Thu 30 Oct, 2003 11:38 pm
(1) Does this slogan acceptable in both grammar and rhetoric?
Users First, Services Foremost
(2) Does this idiom --in a Pickwickian sense -- work today?
(3) In some cases, calling an American Yankee is normal, making atmosphere of conversation comfortable. But can we always call an American Yankee in whatever situation?
And, do you think/feel if calling a Chinese "China man"(or chinaman) is normal? Or is "China man"(chinaman) actually a disparaging term today?
(4) In other encouraging economic news from the Labor Department, new claims for unemployment benefits last week dropped by 5,000 to 386,000, a sign that layoffs are slowing. U.S. workers' wages and benefits went up by 1 percent in the third quarter, up slightly from a 0.9 percent increase in the previous quarter.
Does the "by" mean "in the amount of"?
Hi oristarA, I'll try (tho others may have better ideas)...
1. This is confusing, as both parts seem to have equal weight. Are the users first, or the services? Do you mean "Service to Our Users is Foremost"? That's not as snappy as a slogan can be, but it is more clear.
"Services" conjures an image of what the entity does; "service" denotes more "customer assistance"... you could provide service to the customers who purchase your services...
2. The "Yankee" sentence is idiomatically OK, but I'd polish the grammar a bit... "In some cases, calling an American a Yankee is normal, making (atmosphere of) conversation comfortable. But can we always call an American Yankee in (whatever) any situation?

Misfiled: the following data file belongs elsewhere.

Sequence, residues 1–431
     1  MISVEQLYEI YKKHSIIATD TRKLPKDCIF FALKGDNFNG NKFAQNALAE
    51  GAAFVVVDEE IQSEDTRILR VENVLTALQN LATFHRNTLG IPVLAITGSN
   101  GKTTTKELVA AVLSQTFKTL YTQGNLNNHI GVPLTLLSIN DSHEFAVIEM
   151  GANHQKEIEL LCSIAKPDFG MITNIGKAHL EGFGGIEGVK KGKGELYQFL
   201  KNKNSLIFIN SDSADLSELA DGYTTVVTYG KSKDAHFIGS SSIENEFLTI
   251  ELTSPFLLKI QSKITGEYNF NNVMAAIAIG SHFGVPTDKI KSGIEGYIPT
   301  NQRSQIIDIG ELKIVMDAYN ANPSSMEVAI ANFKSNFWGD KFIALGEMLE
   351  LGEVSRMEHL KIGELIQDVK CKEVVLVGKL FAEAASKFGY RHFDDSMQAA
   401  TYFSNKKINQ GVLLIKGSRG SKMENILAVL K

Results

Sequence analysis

[delete the green, add the blue]
And yes, I think "China man" or its variant "chinaman" is derogatory these days. If the sex of the person in question is important, and not clear from the context, I'd use "Chinese man/woman."
3. You are correct. In this case, "by" means exactly that.
Thanks for reply -- nice indeed.
Regarding the slogan, really I don't know how to make a proper one. What I wanted to express is:
Users are God, and we would like to serve our users with our best services.
How to make a short, snappy slogan according to the meaning?
Hmmm. This is advertising/marketing. "Your wish is our command." No -- that's been done.
The local bus company has an internal slogan that's snappy -- SSS (Safety, Service, Schedule). It means that safety is first, then service to the customers, then, if possible, meet the schedule. Like I said, it's internal and not really meant for marketing.
You might say, Service, Service, Service!
I'd like to know what slogan you've seen on the wall when you enter a business hall of your local Telecom company?
"Customers first", and then you'd say "Services foremost" -- that has been denied by Wy.